Just under 90 teachers have taken time off in the last year due to stress and other mental wellbeing issues.

Forty-three were from primary schools and 45 from secondary or University College Isle of Man.

The figure has risen across the last three years with 69 teachers taking time off due to stress in 2021-22 and 49 in 2020-21.

All data is taken from March 1 to February 28 each year and UCM’s data was grouped with that of secondary schools so as to avoid staff being identified.

Arbory, Castletown and Malew MHK Jason Moorhouse asked in the House of Keys what the return to work process is like for these individuals.

He wanted to know if staff have to see the occupational health resources team, a confidential and impartial medical advisory service, which ultimately ‘results in other reasons being given for absences because it allows for an easier return’.

Education Minister Julie Edge said: ‘The return to work process starts with a meeting with the employee and their manager.

‘This is to ensure the employee is fit to return to work, to discuss any additional support that could be provided, address any concerns surrounding the sickness absence, and communicate the standards of attendance expected as appropriate.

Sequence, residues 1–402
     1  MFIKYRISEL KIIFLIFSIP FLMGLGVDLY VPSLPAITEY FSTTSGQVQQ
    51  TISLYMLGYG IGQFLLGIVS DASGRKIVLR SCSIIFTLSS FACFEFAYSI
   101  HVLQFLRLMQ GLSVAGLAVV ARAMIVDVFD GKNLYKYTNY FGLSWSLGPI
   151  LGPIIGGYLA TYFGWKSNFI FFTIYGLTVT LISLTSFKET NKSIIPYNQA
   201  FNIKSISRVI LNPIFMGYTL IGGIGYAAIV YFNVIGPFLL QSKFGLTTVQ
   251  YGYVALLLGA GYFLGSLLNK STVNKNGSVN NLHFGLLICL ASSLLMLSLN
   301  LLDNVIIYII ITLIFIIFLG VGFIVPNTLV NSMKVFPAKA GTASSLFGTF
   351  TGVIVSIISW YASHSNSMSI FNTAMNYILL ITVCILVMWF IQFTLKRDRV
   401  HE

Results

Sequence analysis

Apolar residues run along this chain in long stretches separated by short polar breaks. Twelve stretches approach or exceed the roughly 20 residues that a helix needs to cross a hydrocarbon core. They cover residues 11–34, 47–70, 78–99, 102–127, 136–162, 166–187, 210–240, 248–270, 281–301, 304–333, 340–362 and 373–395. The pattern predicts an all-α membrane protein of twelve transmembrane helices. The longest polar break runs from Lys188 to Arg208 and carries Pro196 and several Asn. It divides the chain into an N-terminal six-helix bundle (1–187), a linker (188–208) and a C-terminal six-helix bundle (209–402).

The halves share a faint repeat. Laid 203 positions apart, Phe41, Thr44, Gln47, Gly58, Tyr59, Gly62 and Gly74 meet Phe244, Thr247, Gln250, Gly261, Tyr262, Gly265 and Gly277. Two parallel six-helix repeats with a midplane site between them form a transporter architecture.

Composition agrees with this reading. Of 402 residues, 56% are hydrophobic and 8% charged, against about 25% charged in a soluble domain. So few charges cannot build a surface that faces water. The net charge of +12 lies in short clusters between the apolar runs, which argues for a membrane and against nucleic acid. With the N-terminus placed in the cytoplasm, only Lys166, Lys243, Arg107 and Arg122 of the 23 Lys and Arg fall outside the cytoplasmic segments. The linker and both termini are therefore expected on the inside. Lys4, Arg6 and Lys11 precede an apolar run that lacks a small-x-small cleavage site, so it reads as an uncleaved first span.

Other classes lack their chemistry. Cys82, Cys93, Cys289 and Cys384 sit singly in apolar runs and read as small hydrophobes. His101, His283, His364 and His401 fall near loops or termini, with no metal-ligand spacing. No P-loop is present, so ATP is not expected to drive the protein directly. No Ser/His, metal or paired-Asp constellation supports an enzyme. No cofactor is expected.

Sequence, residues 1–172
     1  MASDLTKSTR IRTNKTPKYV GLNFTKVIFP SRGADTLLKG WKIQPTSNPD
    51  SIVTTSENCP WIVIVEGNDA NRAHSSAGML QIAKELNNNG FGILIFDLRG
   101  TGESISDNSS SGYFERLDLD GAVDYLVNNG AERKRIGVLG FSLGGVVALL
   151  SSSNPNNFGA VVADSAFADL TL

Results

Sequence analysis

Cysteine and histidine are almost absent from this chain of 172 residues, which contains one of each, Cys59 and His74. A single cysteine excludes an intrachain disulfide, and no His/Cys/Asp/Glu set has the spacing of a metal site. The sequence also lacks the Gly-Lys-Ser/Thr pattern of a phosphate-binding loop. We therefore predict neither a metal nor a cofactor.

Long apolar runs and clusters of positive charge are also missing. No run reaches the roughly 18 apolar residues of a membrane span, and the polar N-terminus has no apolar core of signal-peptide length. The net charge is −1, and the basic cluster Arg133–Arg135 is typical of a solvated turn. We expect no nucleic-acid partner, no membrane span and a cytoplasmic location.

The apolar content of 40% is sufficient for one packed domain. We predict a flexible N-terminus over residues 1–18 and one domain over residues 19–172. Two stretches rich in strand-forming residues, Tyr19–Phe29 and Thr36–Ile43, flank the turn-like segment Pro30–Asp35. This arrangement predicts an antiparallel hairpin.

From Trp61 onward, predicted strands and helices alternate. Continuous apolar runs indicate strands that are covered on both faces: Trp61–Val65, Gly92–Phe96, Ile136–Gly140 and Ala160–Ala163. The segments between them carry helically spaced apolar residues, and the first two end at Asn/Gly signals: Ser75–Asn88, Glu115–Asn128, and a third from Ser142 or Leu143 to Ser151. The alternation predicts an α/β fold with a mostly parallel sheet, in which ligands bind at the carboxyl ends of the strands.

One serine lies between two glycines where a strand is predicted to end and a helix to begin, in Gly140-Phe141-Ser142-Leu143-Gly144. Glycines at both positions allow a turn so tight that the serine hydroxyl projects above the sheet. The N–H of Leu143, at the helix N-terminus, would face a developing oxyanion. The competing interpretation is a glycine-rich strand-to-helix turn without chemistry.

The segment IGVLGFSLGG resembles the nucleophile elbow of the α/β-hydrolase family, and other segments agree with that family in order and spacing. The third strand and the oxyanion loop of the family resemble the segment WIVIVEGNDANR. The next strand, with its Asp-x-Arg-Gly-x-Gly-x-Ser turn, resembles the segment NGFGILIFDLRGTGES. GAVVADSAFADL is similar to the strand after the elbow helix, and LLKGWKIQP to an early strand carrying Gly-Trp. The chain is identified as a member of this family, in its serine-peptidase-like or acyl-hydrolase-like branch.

‘Further support is offered with advice from OHR and usually a referral to OHR is for a long-term sickness.’

Mr Moorhouse said: ‘There are real issues out there and we’ve got a data set that’s quite concerning.’

Asked if all schools and UCM have provided the option of stress and mental wellbeing management as part of their inset programmes, Ms Edge explained that in-house wellbeing programmes run internally within schools for teachers.

‘The content for these are determined by the school,’ the minister said. ‘Staff welfare provides confidential, individual and emotional support for all government staff.

‘Annual head teacher wellbeing appointments are carried out with staff welfare officers and due to the nature of the role having a wide range of demands to deal with the potential associated impact on wellbeing, the wellbeing appointment promotes regular annual mental health checks and provides support.

‘The new raising attainment and wellbeing programme will help teachers explore what they can do to create an inclusive learning environment that supports and nurtures the highest possible levels of emotional wellbeing of staff and students.

‘There is a wellbeing resource and information pack available to all our head teachers.

‘This includes information and tools regarding physical activity, looking after your mental wellbeing, stress, anxiety, depression, resilience, mindfulness and many other useful tools.’

She also explained that stress-related absences are reported under the headings of mental health, anxiety and depression, other mental health matters, and stress which is personal or stress which is work-related.

Ms Edge said: ‘The department doesn’t have a designated official to support staff, however our schools do have the management teams who are there to support the staff with any issues they have around their mental wellbeing.’